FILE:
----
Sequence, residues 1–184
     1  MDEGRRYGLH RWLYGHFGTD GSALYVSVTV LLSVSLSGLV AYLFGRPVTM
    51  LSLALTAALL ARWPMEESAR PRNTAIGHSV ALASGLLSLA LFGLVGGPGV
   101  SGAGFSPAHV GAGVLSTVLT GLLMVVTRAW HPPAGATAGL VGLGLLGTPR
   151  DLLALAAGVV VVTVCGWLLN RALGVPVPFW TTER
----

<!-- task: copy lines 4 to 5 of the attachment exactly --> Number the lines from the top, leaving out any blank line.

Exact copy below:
   101  SGAGFSPAHV GAGVLSTVLT GLLMVVTRAW HPPAGATAGL VGLGLLGTPR
   151  DLLALAAGVV VVTVCGWLLN RALGVPVPFW TTER